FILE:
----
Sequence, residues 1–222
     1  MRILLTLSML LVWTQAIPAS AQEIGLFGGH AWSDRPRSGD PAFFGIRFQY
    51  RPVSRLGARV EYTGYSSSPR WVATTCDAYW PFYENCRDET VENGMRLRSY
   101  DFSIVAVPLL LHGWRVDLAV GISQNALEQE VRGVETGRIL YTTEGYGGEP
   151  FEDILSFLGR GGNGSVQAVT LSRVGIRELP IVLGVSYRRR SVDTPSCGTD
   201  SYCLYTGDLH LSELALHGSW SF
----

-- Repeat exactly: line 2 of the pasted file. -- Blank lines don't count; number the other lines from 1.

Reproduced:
     1  MRILLTLSML LVWTQAIPAS AQEIGLFGGH AWSDRPRSGD PAFFGIRFQY